Having studied Fine Art at University in the Ondo State, Nigeria, Tola Wewe’s work is deeply influenced by the Yoruba culture and in particular its folklore and myths which he re-interprets to create the most intriguing visual rhythms.
Tola Wewe founded the Ona movement in 1989 with fellow scholars, critics and artists in Nigeria with the aim of pursuing artistic excellence through the contemporary reinterpretation of their collective heritage.
In 2010, Wewe and a fellow Ona artist started experimenting with new materials and new techniques creating a series of scored terracotta reliefs on wood panels, recalling centuries-old bronze plaques from Benin. Some of these terracotta panels were presented in “The Return of Our Mother”, an exhibition set up to celebrate the return of Wewe’s mother who had been “stolen from her house” and for whom a ransom was demanded. Beyond her personal ordeal, Wewe wishes to address the political climate which allows such violent crimes to take place.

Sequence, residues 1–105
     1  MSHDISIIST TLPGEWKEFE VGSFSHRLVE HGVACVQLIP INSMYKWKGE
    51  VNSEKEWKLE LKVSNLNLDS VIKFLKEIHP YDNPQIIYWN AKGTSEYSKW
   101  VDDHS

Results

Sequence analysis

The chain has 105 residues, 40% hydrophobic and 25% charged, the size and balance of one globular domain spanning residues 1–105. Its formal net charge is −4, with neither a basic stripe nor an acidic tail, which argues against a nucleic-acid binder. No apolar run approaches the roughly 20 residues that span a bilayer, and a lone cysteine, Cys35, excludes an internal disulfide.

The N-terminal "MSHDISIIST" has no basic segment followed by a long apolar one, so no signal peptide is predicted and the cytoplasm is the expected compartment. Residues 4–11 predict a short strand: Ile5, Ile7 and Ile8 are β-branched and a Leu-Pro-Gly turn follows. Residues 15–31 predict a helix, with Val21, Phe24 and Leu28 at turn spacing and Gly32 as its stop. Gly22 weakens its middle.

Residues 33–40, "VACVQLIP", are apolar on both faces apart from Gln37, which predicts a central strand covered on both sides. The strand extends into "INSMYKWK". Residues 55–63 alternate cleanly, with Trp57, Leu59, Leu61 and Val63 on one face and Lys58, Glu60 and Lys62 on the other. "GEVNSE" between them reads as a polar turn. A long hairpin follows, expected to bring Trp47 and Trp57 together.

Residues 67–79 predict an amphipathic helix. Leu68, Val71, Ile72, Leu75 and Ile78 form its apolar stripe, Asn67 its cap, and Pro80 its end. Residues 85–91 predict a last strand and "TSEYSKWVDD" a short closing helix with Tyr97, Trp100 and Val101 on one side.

His art has been widely exhibited across Europe and the United States, and is in the collection of the Denver Art Museum, USA.